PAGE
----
Apple talks a good game, but tech experts tend to be skeptical about the company’s latest hardware until they can test it out for themselves. Which is a problem if you’re talking about a feature designed for literal car crashes.
Nevertheless, TechRax was undeterred by the obvious difficulties and set up a test to see if the iPhone 14 Pro’s crash detection feature was all it was cracked up to be. The YouTube channel’s high-octane test, in a video posted on Wednesday, involves a remote-control car being driven three times into a car wreck at high speed, an iPhone 14 Pro, a GoPro recording all the data, and a lot of running around.
The first test is a wash-out as the moving car merely glances off the wreck and carries on. (The remote controls do not appear to include steering, brakes or any other ability to reduce speed.) But this itself is valuable info, suggesting that Apple’s engineers have done a decent job of avoiding false positives. Based on the GoPro footage the contact was light, but the phone’s accelerometer must have detected a certain amount of deceleration and chosen to discount it.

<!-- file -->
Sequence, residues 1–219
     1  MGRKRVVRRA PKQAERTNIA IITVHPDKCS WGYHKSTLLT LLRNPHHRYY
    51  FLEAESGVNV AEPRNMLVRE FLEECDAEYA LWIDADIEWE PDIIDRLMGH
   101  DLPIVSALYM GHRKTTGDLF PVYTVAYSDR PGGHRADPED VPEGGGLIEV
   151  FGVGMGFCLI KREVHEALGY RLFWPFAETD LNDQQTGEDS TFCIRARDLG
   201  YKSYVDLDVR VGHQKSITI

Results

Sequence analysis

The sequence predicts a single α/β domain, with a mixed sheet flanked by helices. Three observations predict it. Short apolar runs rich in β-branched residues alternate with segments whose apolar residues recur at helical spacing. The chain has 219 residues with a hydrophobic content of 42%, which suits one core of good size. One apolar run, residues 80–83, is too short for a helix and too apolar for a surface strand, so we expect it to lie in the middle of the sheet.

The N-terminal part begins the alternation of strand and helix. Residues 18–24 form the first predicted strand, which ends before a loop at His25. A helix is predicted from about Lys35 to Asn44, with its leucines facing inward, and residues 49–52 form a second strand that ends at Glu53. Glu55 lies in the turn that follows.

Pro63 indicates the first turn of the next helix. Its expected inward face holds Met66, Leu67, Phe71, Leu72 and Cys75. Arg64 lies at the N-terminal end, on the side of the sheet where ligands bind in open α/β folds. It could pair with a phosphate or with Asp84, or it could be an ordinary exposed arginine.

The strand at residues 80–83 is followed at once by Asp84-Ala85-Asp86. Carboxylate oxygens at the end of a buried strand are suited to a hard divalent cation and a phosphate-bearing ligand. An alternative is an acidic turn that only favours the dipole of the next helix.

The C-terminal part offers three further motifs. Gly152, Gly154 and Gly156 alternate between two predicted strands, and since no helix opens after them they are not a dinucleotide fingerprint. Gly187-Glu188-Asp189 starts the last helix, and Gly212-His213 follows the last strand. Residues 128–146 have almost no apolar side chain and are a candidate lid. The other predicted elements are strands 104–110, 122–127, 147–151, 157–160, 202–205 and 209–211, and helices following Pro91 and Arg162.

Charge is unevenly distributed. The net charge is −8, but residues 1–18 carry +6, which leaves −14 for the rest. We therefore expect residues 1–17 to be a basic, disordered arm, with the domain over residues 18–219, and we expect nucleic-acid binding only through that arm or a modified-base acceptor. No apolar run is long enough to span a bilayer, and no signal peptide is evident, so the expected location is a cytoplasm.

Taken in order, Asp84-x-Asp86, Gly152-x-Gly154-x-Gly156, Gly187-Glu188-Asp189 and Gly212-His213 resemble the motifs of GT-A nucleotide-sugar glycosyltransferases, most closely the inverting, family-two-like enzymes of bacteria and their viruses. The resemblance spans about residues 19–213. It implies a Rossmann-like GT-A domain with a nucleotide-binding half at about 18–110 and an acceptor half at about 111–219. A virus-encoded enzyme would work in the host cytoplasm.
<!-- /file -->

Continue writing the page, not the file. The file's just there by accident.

Subsequent testing manages to recreate more substantial collisions, and in both cases the iPhone 14 Pro’s crash detection kicks in as expected, initially triggering a siren and then threatening to contact emergency services if not deactivated manually. The testers do so for obvious reasons.
So all appears to be well with Apple’s potentially life-saving new hardware feature, which follows on the heels of the Apple Watch Series 4’s fall detection in 2019. Macworld’s reviewer for that product, incidentally, threw himself to the floor several times to test the feature, and was roundly mocked for this in the office. But truly committed reviewers know that no physical danger is too much when seeking to provide accurate buying advice.